Suppose a chess player have a win rate equal 90%, what is the chance to have 20 consecutive wins (successes) playing 100 games? Consider that lose/draw = fail.

I've studied basic statistics in college and it seems like a binomial distribution problem (right?), but honestly I can't figure out a way to solve this problem considering "consecutive" successes.

Is there a statistical distribution for this kinda problem?

Thanks very much! I really appreciate any thoughts!


Feller has this all worked out on p. 325 of An Introduction to Probability Theory and Its Applications, 3rd Edition, equation 7.11: $$q_n \sim \frac{1-px}{(r+1-rx)q} \cdot \frac{1}{x^{n+1}}$$ where $q_n$ is the probability of no success run of length $r$ in $n$ trials, $p$ is the probability of success, $q=1-p$, and $x$ is the root near 1 of

$$ 1-x + q p^r x^{r+1} = 0 $$

With your data, we find $x \approx 1.017502$ and $q_{100} \approx 0.2247$.

So the probability that the chess player will have at least one run of 20 successes is $0.7753$, approximately.

Edit: Actually "$x$ is the root near 1 ..." is slightly misleading. The equation has two positive roots, and we must peak the one that is not $1/p$. Details here.

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  • $\begingroup$ Thanks so much, awkward! This approximation is quite useful and easier to calculate. I was looking for something like that, I really appreciated! $\endgroup$ – Anthony Jun 16 '13 at 7:21
  • $\begingroup$ @awkward I made an edit to clarify a step in the original recipe, that lead to misleading results. Feel free to edit or undo. $\endgroup$ – leonbloy Jul 7 '17 at 17:38

Although this summation can't be done easily but I think this will be the exact formula for calculating this probability. Think of $20$ successes together as a single event. Now there are total $80$ + $1$ slot ( I am thinking of $20$ as one single event). Now events in which there are at least a $20$ heads are required for having $20$ consecutive succesess.

Suppose there are $x$ heads in total, $(x \ge 20)$ out of these we are considering $20$ as $1$ big event so probability of having $20$ consecutive successes is $$\binom{81}{x-20+1}p^x(1-p)^{100-x}$$

So our required probability with $p = 0.9$ will be

$$\sum_{x =20}^{100}\binom{81}{x-19}0.9^x\cdot0.1^{100-x}$$

Although this is a nasty summation but I think this is the exact method to find this probability.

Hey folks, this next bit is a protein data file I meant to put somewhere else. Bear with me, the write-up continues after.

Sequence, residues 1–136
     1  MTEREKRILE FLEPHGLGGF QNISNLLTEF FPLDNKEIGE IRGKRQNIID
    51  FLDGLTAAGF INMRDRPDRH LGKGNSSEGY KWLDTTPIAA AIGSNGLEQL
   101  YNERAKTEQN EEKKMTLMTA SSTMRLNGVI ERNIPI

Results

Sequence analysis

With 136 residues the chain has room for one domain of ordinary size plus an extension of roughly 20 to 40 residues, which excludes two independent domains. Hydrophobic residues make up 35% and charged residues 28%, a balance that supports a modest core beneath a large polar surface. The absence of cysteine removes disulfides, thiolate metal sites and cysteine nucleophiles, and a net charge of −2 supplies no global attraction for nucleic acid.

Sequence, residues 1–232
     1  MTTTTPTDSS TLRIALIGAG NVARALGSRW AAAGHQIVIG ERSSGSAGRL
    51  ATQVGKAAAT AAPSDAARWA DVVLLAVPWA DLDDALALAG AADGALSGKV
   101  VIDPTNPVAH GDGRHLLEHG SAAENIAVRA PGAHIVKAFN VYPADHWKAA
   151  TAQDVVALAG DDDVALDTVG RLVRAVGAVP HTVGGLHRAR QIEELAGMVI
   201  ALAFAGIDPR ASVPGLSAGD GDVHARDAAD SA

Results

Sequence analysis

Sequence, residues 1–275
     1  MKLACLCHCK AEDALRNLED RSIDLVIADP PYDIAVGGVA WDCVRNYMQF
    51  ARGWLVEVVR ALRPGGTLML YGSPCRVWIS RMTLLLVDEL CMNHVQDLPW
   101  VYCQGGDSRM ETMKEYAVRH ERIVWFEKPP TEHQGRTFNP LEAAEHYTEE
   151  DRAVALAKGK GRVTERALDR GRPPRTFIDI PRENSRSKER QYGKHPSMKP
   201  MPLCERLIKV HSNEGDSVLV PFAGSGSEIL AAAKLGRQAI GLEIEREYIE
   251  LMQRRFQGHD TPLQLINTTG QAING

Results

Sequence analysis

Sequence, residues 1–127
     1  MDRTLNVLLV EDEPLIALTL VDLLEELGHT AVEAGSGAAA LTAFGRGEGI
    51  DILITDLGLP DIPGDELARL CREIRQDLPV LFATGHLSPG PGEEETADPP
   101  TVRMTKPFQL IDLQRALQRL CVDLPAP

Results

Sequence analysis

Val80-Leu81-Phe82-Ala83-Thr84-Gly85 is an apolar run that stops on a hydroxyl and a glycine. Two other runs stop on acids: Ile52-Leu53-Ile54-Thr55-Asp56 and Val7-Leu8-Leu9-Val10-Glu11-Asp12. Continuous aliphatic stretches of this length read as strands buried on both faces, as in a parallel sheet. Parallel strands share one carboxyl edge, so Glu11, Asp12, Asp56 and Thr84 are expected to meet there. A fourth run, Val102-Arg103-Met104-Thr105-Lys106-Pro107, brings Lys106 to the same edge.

Note: I have written it just for the sake of completeness. For computing, method given by @awkward is better.

Here is some R code for simulating this problem. Running the simulation for $10000$ times and setting seed (1236) we get probability $0.7729$

# Generating a single run and counting 
# if there are 20 consecutive succeses 

consecutiveSuccess <- function(p, count, n) {
    trials <- rbinom(n, 1, p)
    for (i in 1:(n-count+1)) {
        if (sum(trials[i:(i+count-1)]) == count)

# simulation starts here
t = 10000
p = 0.9
count = 20
n = 100

sum = 0
for (j in 1:t) {
    sum = sum + consecutiveSuccess(p, count, n)

prob <- (sum*1.0)/t
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  • $\begingroup$ I believe you can speed this up by replacing your loop over i in 1:(n-count+1) with a call to rle(trials) , and looking for any instance of value[k]==1 & length[k]>=20 . $\endgroup$ – Carl Witthoft Jul 1 '15 at 18:35
  • $\begingroup$ @CarlWitthoft Yeah you are right. I just wrote it quickly (without optimizing) just to get the rough idea of the answer. $\endgroup$ – abkds Jul 2 '15 at 6:41
  • $\begingroup$ Your summation is incorrect. $\endgroup$ – gowrath Dec 30 '16 at 20:23
  • $\begingroup$ No the summation is not incorrect. Care to explain. $\endgroup$ – abkds Dec 31 '16 at 3:42

The probability of getting $20$ consecutive wins is:


The first win of these consecutive wins can be at any trial from $1$ to $80$, and the probability of it being any on any of these trials is evenly distributed, so the probability of getting $20$ consecutive wins out of $100$ is:


A generalization for this formula would be:


Where $p$ is the probability, $n$ is the number of trials, and $k$ is the number of consecutive wins.

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  • $\begingroup$ That makes total sense to me, but is it correct? I'm just asking because I read the posts that Byron posted (thanks so much, by the way), and I found some really really really tough things to understand - the generating functions by de Moivre in 1738 seems beautiful, but hard to understand intuitively. $\endgroup$ – Anthony Jun 11 '13 at 19:21
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    $\begingroup$ It is not correct. $0.9^{20}\approx 0.12158$. The formula as given says the chance in a run of $100$ games is less than the chance in a run of 20 games, which is clearly wrong. $\endgroup$ – Ross Millikan Jun 11 '13 at 19:24
  • $\begingroup$ @Anthony I agree, that's why I tried to come up with an alternative method. Still trying to re-work my current solution because as Ross pointed out, it doesn't work... $\endgroup$ – Ataraxia Jun 11 '13 at 20:11

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